• Airspace security monitoring and safety verification: Algorithms can detect potentially dangerous aircraft using the estimated behaviors of aircraft and the inferred pilot's intent, and thus alarm air traffic controllers or pilots to take necessary measures in time to prevent potential unsafe events. The algorithm could also be used for various military applications including airspace surveillance and multiple-aircraft tracking with capability of early warning.
  • Safe interface/cockpit design: Algorithms can check and/or design a cockpit interface such that it guarantees safety through reachable set analysis and computation. Especially, for unmanned aerial vehicles (UAVs) applications, current UAVs such as Predator are remotely piloted so that cockpit interface with increases situational awareness and guaranteed safety would be very important.
  • Dynamical Airspace Configuration: Design the future airspace systems that can accommodate both the manned and unmanned aircraft in the same airspace and also safely integrate future commercial aircraft-like spacecraft (e.g. spaceship one) into the air traffic control system.
  • Aircraft Separation Standards: Design the next generation separation standards that will possibly mitigate blunders, increase safety, and increase capacity.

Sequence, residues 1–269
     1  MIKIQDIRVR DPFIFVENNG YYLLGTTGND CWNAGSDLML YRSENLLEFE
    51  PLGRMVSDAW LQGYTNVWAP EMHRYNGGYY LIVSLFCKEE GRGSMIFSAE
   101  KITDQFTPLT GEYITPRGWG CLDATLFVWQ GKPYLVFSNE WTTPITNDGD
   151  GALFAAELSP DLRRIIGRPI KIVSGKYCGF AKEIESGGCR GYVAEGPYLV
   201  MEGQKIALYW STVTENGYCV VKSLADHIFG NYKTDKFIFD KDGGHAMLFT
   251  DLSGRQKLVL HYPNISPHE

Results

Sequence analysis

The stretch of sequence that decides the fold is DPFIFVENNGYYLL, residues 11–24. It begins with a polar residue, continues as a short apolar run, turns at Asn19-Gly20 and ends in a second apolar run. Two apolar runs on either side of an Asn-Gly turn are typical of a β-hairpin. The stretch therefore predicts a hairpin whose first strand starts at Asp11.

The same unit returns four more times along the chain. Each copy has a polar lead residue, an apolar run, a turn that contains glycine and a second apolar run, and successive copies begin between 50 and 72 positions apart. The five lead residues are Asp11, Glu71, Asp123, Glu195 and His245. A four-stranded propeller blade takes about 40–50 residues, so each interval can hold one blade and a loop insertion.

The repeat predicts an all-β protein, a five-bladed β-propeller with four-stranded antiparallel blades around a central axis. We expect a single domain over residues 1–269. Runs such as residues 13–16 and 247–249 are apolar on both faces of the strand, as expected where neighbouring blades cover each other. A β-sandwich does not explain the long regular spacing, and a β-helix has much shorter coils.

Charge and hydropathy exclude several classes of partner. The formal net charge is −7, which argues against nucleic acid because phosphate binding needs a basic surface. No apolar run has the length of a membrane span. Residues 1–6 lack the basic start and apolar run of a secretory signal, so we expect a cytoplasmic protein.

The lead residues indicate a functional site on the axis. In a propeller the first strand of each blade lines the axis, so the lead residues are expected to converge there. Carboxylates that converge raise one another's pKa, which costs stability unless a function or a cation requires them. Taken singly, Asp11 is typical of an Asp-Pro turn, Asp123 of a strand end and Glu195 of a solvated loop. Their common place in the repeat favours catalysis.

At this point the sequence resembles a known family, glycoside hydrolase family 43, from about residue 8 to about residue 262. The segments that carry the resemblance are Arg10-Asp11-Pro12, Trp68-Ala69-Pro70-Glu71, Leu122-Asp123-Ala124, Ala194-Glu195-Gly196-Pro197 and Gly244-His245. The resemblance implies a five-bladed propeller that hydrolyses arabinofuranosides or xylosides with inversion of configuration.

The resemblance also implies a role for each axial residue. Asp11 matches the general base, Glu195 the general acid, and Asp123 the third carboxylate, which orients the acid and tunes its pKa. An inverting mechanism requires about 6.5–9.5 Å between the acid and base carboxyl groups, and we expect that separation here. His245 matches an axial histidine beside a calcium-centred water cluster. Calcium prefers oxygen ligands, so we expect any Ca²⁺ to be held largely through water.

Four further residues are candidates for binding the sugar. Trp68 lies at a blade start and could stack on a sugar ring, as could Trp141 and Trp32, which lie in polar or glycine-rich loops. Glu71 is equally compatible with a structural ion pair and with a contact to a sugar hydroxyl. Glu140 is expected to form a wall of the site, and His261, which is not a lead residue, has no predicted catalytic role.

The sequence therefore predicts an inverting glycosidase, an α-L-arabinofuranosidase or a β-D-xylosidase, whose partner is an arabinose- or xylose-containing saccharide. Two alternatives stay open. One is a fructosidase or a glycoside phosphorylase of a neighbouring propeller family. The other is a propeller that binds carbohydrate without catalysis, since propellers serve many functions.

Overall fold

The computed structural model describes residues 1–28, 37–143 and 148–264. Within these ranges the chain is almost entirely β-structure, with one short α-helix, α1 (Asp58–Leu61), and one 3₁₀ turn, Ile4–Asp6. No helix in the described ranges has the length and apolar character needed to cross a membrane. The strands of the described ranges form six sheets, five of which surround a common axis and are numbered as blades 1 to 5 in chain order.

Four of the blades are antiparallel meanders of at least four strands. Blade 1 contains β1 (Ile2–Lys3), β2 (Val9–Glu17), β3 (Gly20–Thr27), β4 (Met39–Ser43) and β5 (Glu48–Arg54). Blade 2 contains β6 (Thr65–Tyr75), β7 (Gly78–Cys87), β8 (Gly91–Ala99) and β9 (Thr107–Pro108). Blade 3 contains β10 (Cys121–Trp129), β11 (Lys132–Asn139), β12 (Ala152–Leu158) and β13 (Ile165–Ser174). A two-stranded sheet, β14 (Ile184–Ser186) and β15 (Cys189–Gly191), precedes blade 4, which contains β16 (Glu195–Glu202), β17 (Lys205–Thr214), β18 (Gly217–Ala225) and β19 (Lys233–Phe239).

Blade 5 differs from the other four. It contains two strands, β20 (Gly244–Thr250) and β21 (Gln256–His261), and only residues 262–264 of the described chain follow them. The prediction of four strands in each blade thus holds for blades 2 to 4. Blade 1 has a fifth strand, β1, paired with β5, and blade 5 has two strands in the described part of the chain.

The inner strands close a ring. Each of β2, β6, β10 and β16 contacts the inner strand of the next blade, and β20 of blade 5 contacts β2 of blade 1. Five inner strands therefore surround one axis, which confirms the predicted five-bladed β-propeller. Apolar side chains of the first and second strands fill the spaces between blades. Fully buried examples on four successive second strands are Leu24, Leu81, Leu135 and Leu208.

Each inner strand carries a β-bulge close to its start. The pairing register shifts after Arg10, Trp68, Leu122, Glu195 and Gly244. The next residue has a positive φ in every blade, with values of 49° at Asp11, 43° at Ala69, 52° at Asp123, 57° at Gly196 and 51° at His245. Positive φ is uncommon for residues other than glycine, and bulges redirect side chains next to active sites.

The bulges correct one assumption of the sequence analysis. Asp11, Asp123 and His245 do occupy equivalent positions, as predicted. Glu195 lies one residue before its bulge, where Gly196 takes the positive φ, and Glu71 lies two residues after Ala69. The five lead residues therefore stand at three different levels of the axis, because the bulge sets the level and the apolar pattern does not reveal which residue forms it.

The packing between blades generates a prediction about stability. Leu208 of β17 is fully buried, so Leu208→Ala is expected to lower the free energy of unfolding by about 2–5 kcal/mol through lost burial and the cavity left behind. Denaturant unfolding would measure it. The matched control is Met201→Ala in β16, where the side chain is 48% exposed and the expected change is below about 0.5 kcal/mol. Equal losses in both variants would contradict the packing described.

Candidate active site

• ADS-B Integrity Monitoring: State Dependent Transition Hybrid Estimation (SDTHE) algorithm can be used to determine whether the automatic dependent surveillance-broadcast (ADS-B) system data is conforming to secondary surveillance radar(SSR) data.


We have developed an aircraft dynamic model for aircraft tracking in ATC based on the SLHS. The SDTHE algorithm is then used as the state estimation algorithm for tracking the aircraft positions/velocities and estimating the aircraft flight modes. A distinction of the SLHS model is that it can model aircraft which are following standard ATC flight routes or clearances, and is able to describe uncertianties in aircraft's flight mode transitions due to navigation uncertainties and unknown pilot intents. It has been shown that the proposed model/algorithm yields better tracking accuracy and mode estimation accuracy compared with other popular hybrid system models and hybrid estimation algorithms in ATC tracking. A comparison of the performance of the SDTHE algorithm and that of the IMM algorithm in a ATC tracking application is given in Figure 4 and Table 1. For the IMM algorithm, we have considered two designs (IMM1 and IMM2) with different constant mode transition probabilities.